In a recent column for the Harvard Crimson commenting on the dubious legislation in Arizona that would make it easier for police to question people about their immigration status, Raúl Carrillo makes the following argument:
Immigration reform, even during a recession, doesn’t have to put American’s citizen workforce and undocumented immigrants at odds. There’s more than enough room for common ground. Reform policies should be guided by the principle of offering safe employment to the undocumented who already work here and unionizing those jobs to raise wages. When workers of any origin can’t live with their families, organize, and work for their children’s healthcare and education, everyone in this country suffers. A more controlled and humane immigration system can help undocumented immigrants integrate into the rest of the American workforce.
Carrillo is right that American and immigrant workers don’t have to be at odds with each other. But he’s wrong that the source of the harmony is found in a policy that increases the level of government intervention in the market. As Rebecca Knapp argued in The Undercurrent in September of 2006, it is the free market, rather than government intervention, which ensures a harmony of interests between citizens and non-citizens alike:
It’s easy to see that the employer benefits from having his property rights protected when he’s hiring the cheapest babysitter or fruit picker. What everyone seems happy to ignore is that the other guy-the more expensive babysitter or fruit picker, the guy whose job was “stolen” from him-also benefits. He benefits from living in a society in which jobs are given to the most competitive job-seekers. He benefits because when goods can be produced at a cheaper price, the economy grows. He benefits because the owner of the orchard where he didn’t get a job uses his savings to open a produce store or cultivate a new orchard and hires twice the workers he employed before. Or it allows him to spend more money on entertainment and the entertainment industry grows, or he banks the money and the bank invests it in new, productive industries which hire more workers. Whatever the farmer does with his extra money, wealth increases, the economy improves, and the country becomes a better place to live.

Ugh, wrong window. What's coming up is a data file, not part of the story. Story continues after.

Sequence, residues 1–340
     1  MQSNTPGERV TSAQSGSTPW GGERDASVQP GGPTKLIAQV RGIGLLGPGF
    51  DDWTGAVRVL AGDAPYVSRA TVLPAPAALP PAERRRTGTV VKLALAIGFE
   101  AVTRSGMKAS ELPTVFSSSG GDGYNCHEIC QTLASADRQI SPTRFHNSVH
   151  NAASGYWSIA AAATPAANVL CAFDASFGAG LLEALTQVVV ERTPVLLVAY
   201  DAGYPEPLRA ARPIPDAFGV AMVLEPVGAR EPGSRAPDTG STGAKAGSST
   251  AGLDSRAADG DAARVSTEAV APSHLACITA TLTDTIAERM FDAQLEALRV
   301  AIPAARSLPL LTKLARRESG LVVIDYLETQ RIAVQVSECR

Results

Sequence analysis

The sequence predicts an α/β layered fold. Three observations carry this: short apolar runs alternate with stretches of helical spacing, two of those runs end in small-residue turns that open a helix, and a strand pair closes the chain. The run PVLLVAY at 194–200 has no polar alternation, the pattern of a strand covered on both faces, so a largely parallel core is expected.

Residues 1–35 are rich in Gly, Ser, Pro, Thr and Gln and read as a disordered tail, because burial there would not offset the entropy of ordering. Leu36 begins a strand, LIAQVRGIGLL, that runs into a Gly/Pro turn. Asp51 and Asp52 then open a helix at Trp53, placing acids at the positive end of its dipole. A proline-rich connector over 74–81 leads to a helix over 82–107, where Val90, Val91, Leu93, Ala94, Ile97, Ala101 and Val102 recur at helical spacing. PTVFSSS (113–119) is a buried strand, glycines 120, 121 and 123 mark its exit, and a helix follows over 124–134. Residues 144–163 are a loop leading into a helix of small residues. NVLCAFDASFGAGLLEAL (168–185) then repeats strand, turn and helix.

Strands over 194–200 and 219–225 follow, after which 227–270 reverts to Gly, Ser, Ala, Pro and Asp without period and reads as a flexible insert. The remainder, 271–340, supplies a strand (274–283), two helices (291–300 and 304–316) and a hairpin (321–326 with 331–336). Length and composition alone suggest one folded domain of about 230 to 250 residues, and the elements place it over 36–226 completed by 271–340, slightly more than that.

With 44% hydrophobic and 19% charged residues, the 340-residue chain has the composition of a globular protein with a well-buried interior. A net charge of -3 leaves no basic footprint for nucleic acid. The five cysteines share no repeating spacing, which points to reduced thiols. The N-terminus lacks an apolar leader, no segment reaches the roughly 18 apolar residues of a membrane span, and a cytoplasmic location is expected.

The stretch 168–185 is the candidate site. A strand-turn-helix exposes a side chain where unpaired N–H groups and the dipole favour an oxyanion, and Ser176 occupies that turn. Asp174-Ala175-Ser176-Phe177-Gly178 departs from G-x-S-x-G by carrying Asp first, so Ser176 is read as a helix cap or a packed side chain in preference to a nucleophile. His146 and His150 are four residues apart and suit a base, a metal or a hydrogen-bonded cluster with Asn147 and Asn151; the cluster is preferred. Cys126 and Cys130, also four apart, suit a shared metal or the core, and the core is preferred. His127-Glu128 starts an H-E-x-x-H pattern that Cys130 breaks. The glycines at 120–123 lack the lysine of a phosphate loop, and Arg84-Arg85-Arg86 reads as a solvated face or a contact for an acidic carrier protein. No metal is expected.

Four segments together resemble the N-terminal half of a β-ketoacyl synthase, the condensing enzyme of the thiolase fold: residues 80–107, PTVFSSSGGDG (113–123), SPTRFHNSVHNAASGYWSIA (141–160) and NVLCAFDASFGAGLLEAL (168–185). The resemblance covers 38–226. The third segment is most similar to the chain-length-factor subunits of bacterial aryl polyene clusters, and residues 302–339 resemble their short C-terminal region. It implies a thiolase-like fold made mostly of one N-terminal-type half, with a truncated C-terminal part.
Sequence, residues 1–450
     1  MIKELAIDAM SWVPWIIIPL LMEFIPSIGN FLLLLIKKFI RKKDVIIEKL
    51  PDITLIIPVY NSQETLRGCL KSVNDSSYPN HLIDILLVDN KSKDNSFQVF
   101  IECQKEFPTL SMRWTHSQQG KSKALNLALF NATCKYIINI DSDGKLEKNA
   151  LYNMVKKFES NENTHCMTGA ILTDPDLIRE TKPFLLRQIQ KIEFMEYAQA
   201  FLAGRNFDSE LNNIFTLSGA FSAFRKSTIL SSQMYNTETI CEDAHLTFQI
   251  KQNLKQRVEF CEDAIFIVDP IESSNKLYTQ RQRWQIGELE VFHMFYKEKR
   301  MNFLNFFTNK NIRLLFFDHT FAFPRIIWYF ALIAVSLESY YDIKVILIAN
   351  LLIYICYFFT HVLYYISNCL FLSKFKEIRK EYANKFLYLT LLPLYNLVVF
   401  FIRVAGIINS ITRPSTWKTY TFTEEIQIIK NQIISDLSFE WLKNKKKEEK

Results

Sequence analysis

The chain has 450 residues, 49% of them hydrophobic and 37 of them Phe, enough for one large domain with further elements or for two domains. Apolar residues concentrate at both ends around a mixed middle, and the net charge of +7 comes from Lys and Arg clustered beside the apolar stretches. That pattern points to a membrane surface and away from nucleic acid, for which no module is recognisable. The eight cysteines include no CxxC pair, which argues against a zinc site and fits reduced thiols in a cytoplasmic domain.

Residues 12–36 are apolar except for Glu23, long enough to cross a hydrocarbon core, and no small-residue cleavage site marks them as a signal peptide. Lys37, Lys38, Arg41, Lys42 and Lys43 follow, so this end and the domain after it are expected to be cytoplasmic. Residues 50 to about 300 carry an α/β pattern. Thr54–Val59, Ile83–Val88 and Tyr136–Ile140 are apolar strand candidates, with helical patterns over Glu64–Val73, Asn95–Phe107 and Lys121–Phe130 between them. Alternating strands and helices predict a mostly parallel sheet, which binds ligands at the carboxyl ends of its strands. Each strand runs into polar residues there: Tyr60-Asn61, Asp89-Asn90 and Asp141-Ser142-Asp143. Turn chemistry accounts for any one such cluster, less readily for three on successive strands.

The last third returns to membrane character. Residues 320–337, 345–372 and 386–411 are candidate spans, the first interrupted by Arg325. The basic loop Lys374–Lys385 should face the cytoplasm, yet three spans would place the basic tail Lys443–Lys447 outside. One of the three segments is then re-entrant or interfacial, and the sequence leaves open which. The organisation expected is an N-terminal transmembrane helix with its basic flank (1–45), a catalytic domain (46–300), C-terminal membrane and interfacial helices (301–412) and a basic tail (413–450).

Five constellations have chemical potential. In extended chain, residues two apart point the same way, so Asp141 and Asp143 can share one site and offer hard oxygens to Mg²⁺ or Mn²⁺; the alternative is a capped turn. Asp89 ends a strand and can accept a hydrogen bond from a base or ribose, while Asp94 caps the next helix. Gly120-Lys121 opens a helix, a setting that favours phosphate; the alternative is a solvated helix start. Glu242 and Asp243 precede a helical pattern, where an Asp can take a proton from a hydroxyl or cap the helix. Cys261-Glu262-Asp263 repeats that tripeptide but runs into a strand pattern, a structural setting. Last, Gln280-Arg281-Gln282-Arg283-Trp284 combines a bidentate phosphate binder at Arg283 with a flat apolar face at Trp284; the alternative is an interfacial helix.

The Undercurrent is a magazine distributed at college campuses and communities across the country. We release a print edition once per semester, and in the interim, regularly post additional articles, blog entries, and campus media responses reports to our website.
The Undercurrent's cultural commentary is based on Ayn Rand's philosophy, Objectivism. Objectivism, which animates Ayn Rand's fiction, is a systematic philosophy of life. It holds that the universe is orderly and comprehensible, that man survives by reason, that his life and happiness comprise his highest moral purpose, and that he flourishes only in a society that protects his individual rights.
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